This is an unfortunate decision by union leadership, and one which has created division in the labor movement.

This morning, hundreds of carpenters chose to reject the decision by the Carpenters Union leadership to shut down picket lines in the middle of a strike. Instead, they have continued the strike at “unsanctioned” pickets at two locations: the Microsoft mega-project in Bellevue and Seattle’s Climate Pledge Arena.

As a working class campaign, we strive for unity in the workers movement to win big victories. In every campaign, from $15 NOW to the Amazon Tax to the Kshama Solidarity Campaign, we have built broad coalitions of union members, non-union workers, renters, working-class homeowners, socialists, progressive Democrats, and more. We have united thousands of people behind fighting demands and a fighting approach. This kind of principled unity among workers is crucial for winning major gains. It is also crucial for winning a strike. As rank-and-file carpenter Monty Woods declared on the picket line yesterday, “You cannot defeat such a well-financed enemy as AGC without total solidarity. Solidarity is what will win this strike.”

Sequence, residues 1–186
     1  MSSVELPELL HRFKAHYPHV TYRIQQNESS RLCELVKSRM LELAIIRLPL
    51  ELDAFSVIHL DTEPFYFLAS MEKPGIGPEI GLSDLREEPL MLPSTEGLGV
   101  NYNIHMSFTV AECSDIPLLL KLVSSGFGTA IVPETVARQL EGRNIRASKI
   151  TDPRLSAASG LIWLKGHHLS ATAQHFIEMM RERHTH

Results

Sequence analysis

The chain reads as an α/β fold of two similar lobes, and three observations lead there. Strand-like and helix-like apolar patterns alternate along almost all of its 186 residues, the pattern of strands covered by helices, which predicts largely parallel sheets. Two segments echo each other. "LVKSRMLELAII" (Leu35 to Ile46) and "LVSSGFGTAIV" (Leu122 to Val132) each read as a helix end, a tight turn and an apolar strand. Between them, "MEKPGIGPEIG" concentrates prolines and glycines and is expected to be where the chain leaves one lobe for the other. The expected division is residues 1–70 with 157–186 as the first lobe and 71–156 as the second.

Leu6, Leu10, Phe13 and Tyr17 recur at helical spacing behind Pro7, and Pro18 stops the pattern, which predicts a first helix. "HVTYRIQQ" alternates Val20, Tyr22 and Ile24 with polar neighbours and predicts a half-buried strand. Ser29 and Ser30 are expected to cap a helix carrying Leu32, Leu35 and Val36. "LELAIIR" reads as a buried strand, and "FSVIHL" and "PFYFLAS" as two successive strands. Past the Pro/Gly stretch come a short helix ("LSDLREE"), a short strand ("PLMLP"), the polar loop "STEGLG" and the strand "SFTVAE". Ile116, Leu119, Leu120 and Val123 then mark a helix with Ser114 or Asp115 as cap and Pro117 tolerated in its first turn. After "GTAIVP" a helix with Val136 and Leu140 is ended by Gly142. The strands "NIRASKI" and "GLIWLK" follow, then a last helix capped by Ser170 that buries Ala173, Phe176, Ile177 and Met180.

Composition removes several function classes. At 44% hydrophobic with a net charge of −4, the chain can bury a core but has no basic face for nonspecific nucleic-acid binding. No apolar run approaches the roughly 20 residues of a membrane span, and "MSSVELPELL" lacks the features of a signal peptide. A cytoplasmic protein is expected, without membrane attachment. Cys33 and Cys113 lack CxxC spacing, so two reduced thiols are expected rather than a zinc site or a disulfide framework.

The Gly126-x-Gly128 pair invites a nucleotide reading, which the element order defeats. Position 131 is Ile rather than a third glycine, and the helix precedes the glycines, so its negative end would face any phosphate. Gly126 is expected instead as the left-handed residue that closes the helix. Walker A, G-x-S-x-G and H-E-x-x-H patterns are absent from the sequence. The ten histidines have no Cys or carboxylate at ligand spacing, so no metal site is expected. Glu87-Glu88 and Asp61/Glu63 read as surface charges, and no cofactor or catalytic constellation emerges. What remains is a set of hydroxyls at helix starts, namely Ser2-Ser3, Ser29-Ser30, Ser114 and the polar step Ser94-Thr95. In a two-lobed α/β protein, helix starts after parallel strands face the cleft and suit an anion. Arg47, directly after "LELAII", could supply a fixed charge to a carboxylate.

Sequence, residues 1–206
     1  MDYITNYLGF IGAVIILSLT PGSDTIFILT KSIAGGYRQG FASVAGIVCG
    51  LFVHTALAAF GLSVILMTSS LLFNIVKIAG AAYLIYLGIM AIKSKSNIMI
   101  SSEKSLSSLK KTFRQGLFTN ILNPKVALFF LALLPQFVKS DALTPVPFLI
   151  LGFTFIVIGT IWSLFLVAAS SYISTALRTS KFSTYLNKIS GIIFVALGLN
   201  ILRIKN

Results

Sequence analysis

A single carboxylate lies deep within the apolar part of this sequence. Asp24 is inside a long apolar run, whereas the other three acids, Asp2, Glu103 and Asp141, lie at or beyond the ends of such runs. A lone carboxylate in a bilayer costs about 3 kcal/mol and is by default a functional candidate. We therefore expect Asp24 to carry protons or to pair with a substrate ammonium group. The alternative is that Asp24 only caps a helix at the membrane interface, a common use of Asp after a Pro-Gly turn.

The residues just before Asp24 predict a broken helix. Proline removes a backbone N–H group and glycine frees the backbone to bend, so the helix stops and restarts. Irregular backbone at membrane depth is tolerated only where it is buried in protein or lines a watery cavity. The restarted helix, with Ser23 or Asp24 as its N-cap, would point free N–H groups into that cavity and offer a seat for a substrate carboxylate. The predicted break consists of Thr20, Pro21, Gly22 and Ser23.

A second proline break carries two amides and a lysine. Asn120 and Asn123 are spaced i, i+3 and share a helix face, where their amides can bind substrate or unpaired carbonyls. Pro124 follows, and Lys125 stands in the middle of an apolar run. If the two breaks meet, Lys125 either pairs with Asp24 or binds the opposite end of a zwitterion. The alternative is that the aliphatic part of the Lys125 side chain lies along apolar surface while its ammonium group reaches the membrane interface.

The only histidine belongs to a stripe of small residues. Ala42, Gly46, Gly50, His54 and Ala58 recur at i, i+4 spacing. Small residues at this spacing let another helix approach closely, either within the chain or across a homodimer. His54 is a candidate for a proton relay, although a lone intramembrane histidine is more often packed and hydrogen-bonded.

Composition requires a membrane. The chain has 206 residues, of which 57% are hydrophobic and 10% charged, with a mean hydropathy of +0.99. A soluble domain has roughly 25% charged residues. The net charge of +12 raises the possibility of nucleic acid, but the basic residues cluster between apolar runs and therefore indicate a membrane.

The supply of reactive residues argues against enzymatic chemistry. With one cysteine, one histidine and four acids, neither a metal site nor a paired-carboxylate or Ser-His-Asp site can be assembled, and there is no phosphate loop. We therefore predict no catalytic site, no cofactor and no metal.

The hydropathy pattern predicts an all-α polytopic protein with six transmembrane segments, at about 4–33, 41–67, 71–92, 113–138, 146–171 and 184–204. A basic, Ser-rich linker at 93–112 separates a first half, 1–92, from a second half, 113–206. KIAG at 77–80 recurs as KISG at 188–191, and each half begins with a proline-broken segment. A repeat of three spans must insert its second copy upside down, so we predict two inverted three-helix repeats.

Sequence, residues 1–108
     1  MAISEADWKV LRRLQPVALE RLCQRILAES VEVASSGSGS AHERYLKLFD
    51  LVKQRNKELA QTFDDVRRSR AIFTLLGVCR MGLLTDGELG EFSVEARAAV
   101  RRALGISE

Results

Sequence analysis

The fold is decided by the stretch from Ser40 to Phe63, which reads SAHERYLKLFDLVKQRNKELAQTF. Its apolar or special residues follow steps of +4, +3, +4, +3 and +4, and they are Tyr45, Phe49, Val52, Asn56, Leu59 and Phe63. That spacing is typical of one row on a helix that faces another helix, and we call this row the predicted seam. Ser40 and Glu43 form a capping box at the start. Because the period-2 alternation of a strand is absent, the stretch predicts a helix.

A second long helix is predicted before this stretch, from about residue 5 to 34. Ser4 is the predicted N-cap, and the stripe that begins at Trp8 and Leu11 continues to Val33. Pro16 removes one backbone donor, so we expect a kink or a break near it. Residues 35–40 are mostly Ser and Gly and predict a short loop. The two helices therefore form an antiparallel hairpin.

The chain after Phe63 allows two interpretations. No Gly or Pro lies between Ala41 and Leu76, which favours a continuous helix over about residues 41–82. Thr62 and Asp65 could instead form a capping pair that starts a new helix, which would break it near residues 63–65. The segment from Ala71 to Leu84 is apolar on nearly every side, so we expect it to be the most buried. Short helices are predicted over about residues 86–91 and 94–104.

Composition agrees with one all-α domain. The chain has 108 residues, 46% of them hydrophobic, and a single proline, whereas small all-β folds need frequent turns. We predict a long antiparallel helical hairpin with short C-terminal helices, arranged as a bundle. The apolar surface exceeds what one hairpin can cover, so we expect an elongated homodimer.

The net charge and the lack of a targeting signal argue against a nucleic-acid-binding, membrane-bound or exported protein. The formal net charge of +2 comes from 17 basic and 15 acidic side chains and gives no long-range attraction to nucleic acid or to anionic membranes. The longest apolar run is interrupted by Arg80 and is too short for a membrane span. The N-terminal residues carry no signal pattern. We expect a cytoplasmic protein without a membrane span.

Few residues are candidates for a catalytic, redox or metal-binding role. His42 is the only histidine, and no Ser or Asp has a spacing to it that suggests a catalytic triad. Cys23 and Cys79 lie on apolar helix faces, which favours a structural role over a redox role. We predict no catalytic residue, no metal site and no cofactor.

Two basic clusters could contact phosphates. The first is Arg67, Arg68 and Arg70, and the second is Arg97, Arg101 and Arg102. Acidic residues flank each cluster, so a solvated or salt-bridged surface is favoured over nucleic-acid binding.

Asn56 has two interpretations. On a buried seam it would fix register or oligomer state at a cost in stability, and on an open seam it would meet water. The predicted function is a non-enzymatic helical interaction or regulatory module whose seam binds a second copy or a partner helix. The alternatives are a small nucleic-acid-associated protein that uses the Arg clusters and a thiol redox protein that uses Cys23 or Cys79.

Our campaign and the labor movement in Seattle are now faced with an unfortunate but necessary choice: support the union leadership’s strategy of suspending picket lines and demobilizing the strike, or support rank-and-file carpenters who are continuing to courageously fight.

We have chosen to stand with rank-and-file carpenters like Monty who are continuing their strike, and we will continue to join them on the picket lines.

Rank-and-file carpenters have informed our campaign that they will be on the picket lines at the Climate Pledge Arena and surrounding jobsites this morning. They have requested that we mobilize as many supporters as we can to support them. So we are taking the crucial step of calling for all of our supporters to join us on the picket line to support these courageous carpenters. Go now to Climate Pledge Arena to show your solidarity! We hope that all working people will join us immediately, as soon as possible, on these picket lines to fight alongside our sisters, brothers, and siblings who are demanding a fair contract.

And please join striking carpenters tomorrow (Saturday, 9/25) at 11 am at Goose Beach (900 Westlake Ave N) for a Carpenters Solidarity Rally organized by the Peter J. McGuire Group of rank-and-file carpenters, alongside local unions UAW Local 4121, the Book Workers Union, the Resident & Fellow Physicians Union, the Washington Federation of State Employees (WFSE) Local 1488, and Councilmember Kshama Sawant. Share with your friends on facebook!

We hope that union members and all working people, including the elected leadership of the Carpenters Union, will join us at this rally to continue the strike. Let’s unite the labor movement around a fighting strategy to win.

As the fighting Teamsters in 1934 said, “All workers to the unions – All unions to the struggle!”